Recently, I had the pleasure of sitting down with Jack Norris, co-founder of Vegan Outreach, an organization committed to advocacy for a lower carbon and more compassionate diet.  At the age of 41, and after 15 years of advocacy, Jack could be forgiven a little fatigue, but you’ll find not a single hint of anything of the sort.  I didn’t ask, but I bet Jack would attribute his energy and work performance to a low-carbon diet, free of guilt.  Jack can still play a mean game of Ultimate Frisbee, too, as I found out on the wrong end of a 12-4 defeat to his team in a recent tournament. What secret could he offer to social entrepreneurs about keeping the passion after the initial excitement of starting a green business wears off?


SC:  As for running your organization, even though it’s a non-profit, there’s a lot of similarity to the corporate world.  What advice do you have for social entrepreneurs looking to start a group like yours?
JN:  You have to find something that is really needed and that other people want to donate to make happen.  I see a lot of people start projects that are really difficult to get funding. You have to find something that people are really passionate about. 

SC:  And people are truly passionate about veganism and vegetarianism.  Now, I find it interesting how people respond to their personal approach to sustainability.  Many are willing to give up the SUV for a Prius, but fewer are willing to give up their burgers for vegetarian options.  It’s a matter of marketing, I guess.  So what do you tell people concerned about their personal footprint about their diet, without turning them off to the cause?

JN:  There’s just so much information and evidence out there that a vegetarian diet or vegan diet is better for the planet than a meat-based diet.  A recent study by the University of Chicago compared the amount of global warming gasses (GHG’s) in a vegan diet versus a traditional American diet of mostly processed foods heavy on meat and dairy.  And it was similar to giving up a big SUV and switching to a Prius. 

SC:  Many people would not understand exactly why, as seeing a tailpipe is more obvious in its pollution than a chicken. 
JN:  True. 

SC:  Methane, which cows produce both in gaseous form and as a by-product of their cow patties decomposing, is 25x more powerful a GHG than carbon dioxide, but most people focus on carbon.  What else about the diet is eco-friendly?
JN:  There’s a lot of waste, as you mentioned.  Pig waste, especially, in pig lagoons that are fairly liquid, that frequently overflow to waterways and lead to polluted rivers and fish kills.  Grazing causes a lot of degradation of land in the western US and loss of forests in the east, and consumes a great deal of water out west where we’re all very worried about our current drought.  There is also the problem of raising ten times the amount of grains we need, which we feed to animals rather than growing grains and legumes directly for ourselves, which would be a great savings of water, land, GHG’s, etc.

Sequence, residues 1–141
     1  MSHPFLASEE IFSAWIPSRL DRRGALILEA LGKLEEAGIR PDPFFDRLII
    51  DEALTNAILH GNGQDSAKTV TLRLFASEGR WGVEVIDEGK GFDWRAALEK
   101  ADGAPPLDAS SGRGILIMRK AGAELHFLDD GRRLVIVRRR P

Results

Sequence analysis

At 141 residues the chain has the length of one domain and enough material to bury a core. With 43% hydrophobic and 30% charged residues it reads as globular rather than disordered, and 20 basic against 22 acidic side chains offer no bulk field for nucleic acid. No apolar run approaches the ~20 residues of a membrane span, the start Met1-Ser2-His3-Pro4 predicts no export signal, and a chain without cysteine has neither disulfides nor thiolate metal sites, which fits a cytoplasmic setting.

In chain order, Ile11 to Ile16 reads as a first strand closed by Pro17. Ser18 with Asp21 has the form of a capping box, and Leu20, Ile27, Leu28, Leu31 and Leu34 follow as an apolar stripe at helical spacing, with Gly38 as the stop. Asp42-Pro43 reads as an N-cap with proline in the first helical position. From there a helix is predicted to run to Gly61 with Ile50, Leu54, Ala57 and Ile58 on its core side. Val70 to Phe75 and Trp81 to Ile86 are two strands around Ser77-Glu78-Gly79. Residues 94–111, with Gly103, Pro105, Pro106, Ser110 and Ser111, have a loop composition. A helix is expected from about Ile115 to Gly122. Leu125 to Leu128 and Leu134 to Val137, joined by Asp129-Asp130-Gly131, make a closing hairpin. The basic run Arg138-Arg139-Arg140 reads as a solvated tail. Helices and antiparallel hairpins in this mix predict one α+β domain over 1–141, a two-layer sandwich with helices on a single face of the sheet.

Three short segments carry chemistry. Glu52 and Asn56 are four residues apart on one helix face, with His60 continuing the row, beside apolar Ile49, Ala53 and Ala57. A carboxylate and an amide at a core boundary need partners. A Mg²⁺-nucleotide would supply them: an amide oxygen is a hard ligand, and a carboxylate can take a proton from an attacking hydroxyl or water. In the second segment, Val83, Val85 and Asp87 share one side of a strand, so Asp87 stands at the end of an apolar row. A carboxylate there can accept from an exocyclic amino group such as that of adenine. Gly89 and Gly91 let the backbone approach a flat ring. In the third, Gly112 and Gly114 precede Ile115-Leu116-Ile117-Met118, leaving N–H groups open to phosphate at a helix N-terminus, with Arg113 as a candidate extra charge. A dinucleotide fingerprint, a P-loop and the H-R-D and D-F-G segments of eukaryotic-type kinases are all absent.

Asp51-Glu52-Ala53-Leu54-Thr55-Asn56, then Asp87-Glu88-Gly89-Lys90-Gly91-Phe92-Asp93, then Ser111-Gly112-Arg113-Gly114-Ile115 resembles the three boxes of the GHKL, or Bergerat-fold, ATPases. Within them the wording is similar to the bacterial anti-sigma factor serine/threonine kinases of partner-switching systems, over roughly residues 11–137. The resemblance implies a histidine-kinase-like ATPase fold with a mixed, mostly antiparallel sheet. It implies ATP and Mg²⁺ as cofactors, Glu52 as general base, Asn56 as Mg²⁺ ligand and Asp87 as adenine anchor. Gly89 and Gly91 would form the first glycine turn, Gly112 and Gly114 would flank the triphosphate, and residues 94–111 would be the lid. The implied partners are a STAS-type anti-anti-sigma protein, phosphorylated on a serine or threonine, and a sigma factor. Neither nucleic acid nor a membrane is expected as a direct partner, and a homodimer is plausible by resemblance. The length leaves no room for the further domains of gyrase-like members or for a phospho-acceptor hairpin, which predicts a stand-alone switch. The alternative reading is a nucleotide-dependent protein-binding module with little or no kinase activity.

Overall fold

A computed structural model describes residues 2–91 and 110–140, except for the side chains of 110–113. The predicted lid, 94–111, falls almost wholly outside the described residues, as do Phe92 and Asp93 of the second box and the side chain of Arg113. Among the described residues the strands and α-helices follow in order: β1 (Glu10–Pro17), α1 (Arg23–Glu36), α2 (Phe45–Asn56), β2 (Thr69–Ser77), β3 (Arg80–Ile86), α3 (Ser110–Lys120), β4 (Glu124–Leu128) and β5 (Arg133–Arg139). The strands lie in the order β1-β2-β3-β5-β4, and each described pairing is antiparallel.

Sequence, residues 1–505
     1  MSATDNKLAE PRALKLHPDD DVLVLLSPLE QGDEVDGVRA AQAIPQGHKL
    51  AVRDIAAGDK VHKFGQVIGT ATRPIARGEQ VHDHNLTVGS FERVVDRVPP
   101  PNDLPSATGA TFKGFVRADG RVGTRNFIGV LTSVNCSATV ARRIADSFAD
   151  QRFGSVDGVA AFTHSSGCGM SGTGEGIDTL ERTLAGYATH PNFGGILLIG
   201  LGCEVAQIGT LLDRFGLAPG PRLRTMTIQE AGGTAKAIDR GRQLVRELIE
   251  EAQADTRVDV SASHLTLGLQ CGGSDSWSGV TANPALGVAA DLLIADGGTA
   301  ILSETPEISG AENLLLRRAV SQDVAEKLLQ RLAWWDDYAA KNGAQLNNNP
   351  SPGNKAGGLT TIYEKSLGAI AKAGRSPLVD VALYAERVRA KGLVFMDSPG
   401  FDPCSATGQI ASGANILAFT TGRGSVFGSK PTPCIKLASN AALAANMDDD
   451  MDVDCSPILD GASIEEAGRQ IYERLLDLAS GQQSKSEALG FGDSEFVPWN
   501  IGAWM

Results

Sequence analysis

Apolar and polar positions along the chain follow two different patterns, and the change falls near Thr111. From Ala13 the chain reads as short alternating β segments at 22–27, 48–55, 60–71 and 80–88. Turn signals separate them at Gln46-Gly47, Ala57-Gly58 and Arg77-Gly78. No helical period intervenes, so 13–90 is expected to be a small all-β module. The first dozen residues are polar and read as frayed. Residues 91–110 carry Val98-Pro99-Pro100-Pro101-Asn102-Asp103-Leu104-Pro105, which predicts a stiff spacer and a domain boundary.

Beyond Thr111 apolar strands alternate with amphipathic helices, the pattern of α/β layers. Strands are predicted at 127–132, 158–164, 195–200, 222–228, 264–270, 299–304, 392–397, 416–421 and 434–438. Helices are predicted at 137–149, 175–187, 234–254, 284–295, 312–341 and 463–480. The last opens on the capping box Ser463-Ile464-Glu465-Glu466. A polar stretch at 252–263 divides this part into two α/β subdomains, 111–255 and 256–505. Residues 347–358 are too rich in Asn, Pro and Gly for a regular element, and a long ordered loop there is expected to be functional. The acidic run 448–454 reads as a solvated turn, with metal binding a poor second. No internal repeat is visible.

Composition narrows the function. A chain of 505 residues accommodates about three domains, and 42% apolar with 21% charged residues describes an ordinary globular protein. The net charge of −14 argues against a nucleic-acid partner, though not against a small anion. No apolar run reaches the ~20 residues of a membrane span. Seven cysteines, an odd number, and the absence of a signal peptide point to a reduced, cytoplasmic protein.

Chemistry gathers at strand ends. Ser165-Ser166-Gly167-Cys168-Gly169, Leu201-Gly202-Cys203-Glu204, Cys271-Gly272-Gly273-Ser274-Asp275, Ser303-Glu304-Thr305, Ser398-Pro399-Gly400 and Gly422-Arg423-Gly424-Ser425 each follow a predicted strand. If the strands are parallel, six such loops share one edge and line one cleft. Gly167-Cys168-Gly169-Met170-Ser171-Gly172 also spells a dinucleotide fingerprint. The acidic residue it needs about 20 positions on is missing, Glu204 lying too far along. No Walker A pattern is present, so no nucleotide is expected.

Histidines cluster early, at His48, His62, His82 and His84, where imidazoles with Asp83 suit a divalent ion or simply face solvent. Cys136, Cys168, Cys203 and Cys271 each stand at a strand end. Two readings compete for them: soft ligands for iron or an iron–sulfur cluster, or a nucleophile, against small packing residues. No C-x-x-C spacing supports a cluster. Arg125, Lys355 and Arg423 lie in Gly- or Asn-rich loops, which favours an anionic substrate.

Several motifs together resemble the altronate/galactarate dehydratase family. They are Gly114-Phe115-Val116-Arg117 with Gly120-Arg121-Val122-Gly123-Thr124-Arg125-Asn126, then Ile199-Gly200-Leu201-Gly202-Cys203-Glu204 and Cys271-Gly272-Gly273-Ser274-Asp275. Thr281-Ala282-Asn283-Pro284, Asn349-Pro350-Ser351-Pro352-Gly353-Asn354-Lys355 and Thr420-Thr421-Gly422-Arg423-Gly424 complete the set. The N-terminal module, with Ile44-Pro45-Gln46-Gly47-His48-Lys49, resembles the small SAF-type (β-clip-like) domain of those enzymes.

SC:  Keep up the good work, Jack.  And please give us young bucks a chance next time we play your team, ok? 
JN:  No promises.

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About The Author

Scott Cooney

Scott Cooney (twitter: scottcooney) is an adjunct professor of Sustainability in the MBA program at the University of Hawai'i, green business startup coach, author of Build a Green Small Business: Profitable Ways to Become an Ecopreneur (McGraw-Hill), and developer of the sustainability board game GBO Hawai'i. Scott has started, grown and sold two mission-driven businesses, failed miserably at a third, and is currently in his fourth. Scott's current company has three divisions: a sustainability blog network that includes the world's biggest clean energy website and reached over 5 million readers in December 2013 alone; Pono Home, a turnkey and franchiseable green home consulting service that won entrance into the clean tech incubator known as Energy Excelerator; and Cost of Solar, a solar lead generation service to connect interested homeowners and solar contractors. In his spare time, Scott surfs, plays ultimate frisbee and enjoys a good, long bike ride. Find Scott on

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